• Thaw a box of frozen chopped spinach in the microwave, squeeze to remove excess liquid and add to the cooked squash.
  • Add 1 cup ricotta, 1 cup diced mozzarella
  • Add 1 tsp. poultry seasoning, 1/2 tsp. red pepper flakes, salt and pepper to taste
  • Mix everything together and refrigerate until you're ready to assemble the pasta.

Cook the jumbo pasta shells according to the directions on the box. Here's what the cooked shells looked like- adorable and surprisingly sturdy. Lila was delighted and munched on a couple.

Make the sauce
I made 2 cups of basic white sauce for this dish. You could use a tomato sauce or no sauce at all.

Assemble and bake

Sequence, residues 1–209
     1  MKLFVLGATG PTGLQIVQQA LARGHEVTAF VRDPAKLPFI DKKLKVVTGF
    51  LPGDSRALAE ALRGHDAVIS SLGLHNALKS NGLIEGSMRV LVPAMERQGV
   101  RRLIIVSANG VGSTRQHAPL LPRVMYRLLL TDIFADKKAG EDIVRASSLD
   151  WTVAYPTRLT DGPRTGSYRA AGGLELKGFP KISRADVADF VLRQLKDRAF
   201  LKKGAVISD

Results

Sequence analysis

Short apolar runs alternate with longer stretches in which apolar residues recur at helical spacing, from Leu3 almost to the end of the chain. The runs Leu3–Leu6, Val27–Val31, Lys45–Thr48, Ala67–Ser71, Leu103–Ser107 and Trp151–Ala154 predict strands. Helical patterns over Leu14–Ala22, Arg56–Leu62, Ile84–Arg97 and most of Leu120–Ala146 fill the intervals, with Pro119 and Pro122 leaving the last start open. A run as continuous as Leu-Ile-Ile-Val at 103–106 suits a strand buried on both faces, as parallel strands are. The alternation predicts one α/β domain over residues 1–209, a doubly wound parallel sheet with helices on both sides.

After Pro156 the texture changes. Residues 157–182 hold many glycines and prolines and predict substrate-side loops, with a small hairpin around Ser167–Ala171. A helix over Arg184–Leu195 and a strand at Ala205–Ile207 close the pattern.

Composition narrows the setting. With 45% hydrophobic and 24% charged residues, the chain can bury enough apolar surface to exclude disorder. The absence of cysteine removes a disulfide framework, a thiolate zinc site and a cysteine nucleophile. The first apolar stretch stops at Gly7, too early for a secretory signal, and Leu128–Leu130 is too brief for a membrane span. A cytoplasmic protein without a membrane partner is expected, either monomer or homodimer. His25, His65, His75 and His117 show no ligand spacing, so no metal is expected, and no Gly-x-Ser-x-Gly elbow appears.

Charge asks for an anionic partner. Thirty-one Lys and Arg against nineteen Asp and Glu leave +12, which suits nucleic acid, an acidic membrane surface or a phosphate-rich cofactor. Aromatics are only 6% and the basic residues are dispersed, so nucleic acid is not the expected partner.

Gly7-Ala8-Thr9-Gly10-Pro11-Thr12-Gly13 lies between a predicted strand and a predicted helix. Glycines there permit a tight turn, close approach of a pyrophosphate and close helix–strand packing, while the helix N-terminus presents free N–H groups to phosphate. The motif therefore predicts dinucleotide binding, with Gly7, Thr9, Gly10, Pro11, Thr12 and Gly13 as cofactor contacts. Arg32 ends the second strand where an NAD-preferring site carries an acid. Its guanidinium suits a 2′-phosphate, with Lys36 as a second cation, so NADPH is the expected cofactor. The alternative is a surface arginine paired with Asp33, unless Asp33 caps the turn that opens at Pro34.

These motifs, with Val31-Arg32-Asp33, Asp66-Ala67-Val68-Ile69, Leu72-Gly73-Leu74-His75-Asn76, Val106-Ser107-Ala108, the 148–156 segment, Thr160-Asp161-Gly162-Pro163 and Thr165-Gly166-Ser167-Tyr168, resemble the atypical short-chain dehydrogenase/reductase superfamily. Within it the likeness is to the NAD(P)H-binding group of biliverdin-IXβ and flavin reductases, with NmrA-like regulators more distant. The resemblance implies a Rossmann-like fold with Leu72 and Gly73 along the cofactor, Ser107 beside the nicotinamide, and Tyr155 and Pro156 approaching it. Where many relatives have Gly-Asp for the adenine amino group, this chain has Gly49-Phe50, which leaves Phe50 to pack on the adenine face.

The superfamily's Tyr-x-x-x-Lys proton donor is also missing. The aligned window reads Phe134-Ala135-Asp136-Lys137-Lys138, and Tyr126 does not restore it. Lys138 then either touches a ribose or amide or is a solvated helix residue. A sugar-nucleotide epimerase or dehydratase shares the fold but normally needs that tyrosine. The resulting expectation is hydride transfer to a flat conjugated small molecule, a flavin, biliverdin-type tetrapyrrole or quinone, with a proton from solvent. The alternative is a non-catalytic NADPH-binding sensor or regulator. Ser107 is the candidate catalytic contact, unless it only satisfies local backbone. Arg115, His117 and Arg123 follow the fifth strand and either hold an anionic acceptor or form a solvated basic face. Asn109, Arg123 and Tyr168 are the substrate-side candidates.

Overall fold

Scoop about 2 tbsp. filling into each shell. In a 9 x 13 baking dish, pour the white sauce. Arrange the shells on top. Scatter with 1/2 cup grated Parmesan cheese. Cover with foil and bake at 350F for 30 minutes, then uncover and place under broiler for a minute or two to get the cheese browned. Ta da.

This pasta dish was full of flavor and had a pretty nice presentation (which is rare for me). Each person could conveniently serve themselves a shell or two.

I had enough cooked shells left over to make another (smaller) tray of shells the next day.

So, tell me, what's cooking in your world?